How do we get to the “Finnish model”? Simple. Stop all funding to private schools as soon as possible. If nothing else it will start the revolution of which you speak.
    Bring it on!!
    The US school education system is “disastrous” for different, but similar reasons to our own. As I understand it, there are very large discrepancies between the way schools are funded. Sound familiar? The privileged always win it seems. That is the fault of the political system. Also, there is the US cultural differences - more drugs, crime and gun violence than we can imagine.
    Take a look at Canada, where I lived for a number of years. Totally different outcomes, and they also don’t fund private schools from the public purse. It can, and should, be this way in Australia. What we have currently is middle and upper class welfare in education on a super grand scale! Disgusting!!

  • 7
    Posted Saturday, 20 April 2013 at 1:20 am | Permalink

    An additional benefit of the Australian Government’s ‘Gonski’ funding agreement with the States is that it requires the States to increase their funding of schools, reversing cuts which they have been making over the last few years.

  • 8
    Tom Greenwell
    Posted Saturday, 20 April 2013 at 12:06 pm | Permalink

    Thanks for the interesting article. The point is well made that Gonski (neither the report nor the response) addresses what is fundamentally rotten about the structure of education provision in Australia. While public funds contribute to the resource advantage of private schools, there is no associated obligation to enrol young Australians from disadvantaged backgrounds. Thus private schools enjoy relatively privileged student populations in addition to their resource advantage. As the then Cardinal Pell said in 2006 “Catholic schools are not educating most of our poor, especially at the primary level. 72% of Catholic students from families with lowest third of family income attend Government infant/primary schools and only 19% attend Catholic schools. At secondary level 63% of the “poorest” Catholics attend Government secondary schools and 22% attend Catholic secondary schools.” (http://www.sydneycatholic.org/people/archbishop/addresses/2006/2006928_17.shtml). The importance of the profile of a student’s peers to their performance is both common sense and has been demonstrated by, amongst others, Chris Bonnor (http://inside.org.au/equity/).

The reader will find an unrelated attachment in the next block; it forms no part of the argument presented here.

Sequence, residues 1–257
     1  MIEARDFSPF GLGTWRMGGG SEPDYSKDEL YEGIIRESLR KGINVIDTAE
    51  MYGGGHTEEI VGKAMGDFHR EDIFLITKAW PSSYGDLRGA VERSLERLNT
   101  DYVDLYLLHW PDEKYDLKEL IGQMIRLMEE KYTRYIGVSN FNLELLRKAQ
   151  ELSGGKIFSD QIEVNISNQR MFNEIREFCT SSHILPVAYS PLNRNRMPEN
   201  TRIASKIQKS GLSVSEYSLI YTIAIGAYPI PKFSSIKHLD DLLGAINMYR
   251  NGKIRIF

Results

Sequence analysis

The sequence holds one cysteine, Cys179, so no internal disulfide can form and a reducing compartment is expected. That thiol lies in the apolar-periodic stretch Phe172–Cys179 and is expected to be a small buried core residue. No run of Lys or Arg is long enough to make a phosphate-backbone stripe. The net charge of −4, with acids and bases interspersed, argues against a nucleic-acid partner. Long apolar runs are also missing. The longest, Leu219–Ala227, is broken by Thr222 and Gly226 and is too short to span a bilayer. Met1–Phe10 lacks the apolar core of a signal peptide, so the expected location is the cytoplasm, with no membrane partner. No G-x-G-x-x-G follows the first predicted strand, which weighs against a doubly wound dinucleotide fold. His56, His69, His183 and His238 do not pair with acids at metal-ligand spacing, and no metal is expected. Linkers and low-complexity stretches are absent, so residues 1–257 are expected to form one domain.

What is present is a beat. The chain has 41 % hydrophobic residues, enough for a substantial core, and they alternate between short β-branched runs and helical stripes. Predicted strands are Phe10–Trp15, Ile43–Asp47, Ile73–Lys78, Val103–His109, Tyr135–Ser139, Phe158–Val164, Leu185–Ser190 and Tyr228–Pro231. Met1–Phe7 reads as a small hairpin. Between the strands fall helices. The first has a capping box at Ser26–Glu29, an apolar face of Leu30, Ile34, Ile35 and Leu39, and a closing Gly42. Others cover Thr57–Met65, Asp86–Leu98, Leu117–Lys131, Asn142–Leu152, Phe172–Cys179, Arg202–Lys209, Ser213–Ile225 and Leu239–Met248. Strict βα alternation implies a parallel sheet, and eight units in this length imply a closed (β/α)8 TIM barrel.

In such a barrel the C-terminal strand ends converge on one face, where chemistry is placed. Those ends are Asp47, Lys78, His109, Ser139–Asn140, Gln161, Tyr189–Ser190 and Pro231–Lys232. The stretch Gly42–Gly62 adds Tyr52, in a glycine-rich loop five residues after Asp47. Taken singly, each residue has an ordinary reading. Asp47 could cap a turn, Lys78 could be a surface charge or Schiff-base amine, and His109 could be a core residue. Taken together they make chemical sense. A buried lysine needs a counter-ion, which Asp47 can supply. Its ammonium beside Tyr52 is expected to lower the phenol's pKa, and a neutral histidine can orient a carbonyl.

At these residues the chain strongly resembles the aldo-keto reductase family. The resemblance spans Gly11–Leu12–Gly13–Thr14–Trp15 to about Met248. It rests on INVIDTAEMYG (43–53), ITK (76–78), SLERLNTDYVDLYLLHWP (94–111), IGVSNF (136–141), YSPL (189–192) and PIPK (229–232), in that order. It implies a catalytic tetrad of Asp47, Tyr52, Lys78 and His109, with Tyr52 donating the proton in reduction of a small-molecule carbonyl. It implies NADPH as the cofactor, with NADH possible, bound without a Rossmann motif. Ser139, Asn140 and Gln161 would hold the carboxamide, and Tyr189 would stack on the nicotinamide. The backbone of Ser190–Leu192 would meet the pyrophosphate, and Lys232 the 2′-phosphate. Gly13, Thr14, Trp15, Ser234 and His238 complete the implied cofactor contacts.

Contrary to Ashenden, it’s not altogether clear to me that the Gonski Review couldn’t have addressed this issue, at least partially. After all, its proposal that private schools receive a proportion of the Schools Resource Standard according to the school community’s ‘ability to pay’ has been adopted. Surely, elements could have been built into this principle that imposed certain obligations on recipients of public funding and reduced and/or eliminated public funding once private fees reach exorbitant levels?